Norton Rose CEO Peter Martyr is not saying whether he will stand for a fourth term as firm chief when the next election comes up in 2014, but he has dropped a bit of a hint. “This is not completed,” he announced after sealing the deal of his career that will see the business combine with Houston’s Fulbright & Jaworski in June 2013.
Just in case the market thought he was preparing to retire from management after what will be 12 years at the top, including around a year as CEO of Norton Rose Fulbright, Martyr has set out what looks like a sneak preview of a five-year plan. “I have no problem finding things to do,” he insisted.
Already the first plans are out. As we reveal today, the combined firm plans to open in Brazil next year and Mexico within half a decade, expanding the Latin American reach Norton Rose already has in Colombia and Venezuela.
It’s an energy play, of course, and a further step in Norton Rose’s plans for global dominance after spreading further across Asia, Australia, Canada and most of the length of Africa. Martyr says he wants to turn the firm into a “polished global machine”, so expect a string of integration measures, although yet another merger is unlikely quite yet as the Brazilian regulatory regime doesn’t lend itself to international combinations.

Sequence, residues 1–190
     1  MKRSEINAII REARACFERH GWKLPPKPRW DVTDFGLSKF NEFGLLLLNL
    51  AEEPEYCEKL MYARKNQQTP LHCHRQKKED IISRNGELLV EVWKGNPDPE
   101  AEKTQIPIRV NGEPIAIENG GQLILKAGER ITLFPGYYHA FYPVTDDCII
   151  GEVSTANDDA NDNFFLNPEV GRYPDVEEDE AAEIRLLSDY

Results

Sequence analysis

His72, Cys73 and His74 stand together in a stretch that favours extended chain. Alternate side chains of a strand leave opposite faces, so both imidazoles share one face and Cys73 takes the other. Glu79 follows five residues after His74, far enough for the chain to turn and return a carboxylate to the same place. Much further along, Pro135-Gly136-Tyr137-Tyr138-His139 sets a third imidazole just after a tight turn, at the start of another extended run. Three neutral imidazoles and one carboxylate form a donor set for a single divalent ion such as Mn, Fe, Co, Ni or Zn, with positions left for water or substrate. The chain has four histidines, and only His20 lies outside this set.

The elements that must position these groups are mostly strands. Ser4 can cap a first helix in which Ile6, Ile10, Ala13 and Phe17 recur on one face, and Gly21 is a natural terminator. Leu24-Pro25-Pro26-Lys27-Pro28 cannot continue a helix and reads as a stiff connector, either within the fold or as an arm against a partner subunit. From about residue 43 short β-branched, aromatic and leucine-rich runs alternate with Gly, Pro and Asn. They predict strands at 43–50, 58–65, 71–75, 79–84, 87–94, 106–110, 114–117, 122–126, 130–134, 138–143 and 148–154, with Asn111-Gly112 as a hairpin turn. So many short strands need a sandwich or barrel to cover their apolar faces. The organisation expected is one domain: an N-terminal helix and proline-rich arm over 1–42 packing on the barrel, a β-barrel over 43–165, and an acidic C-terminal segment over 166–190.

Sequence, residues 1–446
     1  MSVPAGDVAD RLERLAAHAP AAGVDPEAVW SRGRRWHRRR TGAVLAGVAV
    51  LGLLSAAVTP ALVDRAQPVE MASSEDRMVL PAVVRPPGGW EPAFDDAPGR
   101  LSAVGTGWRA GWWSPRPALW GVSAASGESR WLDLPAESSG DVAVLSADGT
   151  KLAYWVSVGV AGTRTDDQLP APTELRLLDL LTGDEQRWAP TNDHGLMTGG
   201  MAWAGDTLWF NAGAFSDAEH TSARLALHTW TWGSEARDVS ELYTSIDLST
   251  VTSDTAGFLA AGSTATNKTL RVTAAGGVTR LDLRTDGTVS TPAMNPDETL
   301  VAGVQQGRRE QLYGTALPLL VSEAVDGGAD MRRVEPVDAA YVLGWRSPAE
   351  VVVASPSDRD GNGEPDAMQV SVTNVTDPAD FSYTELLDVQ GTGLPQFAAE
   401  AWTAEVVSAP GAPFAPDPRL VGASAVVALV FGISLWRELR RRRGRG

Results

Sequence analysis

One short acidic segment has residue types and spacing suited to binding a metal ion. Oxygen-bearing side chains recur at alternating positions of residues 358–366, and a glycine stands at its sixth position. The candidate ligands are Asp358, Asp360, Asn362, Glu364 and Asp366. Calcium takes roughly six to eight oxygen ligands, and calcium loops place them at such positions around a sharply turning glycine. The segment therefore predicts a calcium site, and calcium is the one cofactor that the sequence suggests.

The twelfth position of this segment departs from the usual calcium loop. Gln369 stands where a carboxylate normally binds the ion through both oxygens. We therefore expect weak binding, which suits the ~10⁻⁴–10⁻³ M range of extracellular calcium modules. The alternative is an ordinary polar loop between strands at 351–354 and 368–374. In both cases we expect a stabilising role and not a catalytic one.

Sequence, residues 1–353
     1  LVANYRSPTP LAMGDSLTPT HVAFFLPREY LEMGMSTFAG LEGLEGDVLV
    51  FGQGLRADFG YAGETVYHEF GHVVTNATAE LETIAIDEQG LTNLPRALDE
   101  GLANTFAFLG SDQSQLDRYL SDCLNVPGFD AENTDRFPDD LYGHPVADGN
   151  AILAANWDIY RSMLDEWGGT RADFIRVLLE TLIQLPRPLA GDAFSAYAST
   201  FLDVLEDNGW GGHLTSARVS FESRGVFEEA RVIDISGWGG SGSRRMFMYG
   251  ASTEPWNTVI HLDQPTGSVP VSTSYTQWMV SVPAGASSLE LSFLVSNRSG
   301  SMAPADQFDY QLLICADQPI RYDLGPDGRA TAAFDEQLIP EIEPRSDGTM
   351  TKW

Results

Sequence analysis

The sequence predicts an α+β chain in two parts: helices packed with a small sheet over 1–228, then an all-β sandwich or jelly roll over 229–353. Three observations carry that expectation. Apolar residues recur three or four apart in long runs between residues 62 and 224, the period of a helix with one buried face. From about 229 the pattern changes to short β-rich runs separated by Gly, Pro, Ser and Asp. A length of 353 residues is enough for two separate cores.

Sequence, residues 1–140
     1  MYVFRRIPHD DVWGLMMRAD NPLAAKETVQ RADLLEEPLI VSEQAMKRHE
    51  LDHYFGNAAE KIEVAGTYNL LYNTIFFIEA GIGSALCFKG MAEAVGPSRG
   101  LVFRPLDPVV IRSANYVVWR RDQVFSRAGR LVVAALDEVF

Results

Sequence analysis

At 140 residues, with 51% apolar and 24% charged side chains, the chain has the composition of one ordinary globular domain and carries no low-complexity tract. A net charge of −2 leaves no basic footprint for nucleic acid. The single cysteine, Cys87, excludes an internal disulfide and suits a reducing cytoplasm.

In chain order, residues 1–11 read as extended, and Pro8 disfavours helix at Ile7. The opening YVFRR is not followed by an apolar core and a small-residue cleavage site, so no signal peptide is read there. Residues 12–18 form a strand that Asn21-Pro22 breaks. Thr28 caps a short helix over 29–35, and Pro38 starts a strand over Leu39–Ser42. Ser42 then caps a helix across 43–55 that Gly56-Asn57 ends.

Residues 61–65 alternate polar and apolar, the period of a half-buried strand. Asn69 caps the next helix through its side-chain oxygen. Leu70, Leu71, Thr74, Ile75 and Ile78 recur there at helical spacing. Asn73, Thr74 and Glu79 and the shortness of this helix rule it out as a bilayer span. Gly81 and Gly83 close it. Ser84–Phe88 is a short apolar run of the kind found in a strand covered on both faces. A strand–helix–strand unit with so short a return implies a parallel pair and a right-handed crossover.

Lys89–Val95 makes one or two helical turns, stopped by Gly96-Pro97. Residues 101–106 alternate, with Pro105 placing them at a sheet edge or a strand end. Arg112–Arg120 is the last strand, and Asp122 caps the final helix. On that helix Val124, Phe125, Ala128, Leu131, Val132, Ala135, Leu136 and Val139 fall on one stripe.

Martyr was effectively the sole deal-doer during the year or so of merger talks with Fulbright, so any change of management in two years’ time would likely lead to a major shift in direction and leadership style. Any partners looking to take his place should start sniffing around carefully – Martyr’s not giving much away.
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And, in case you missed it, here’s yet another hint from outgoing Orrick chief Ralph Baxter that he’s thinking of going into politics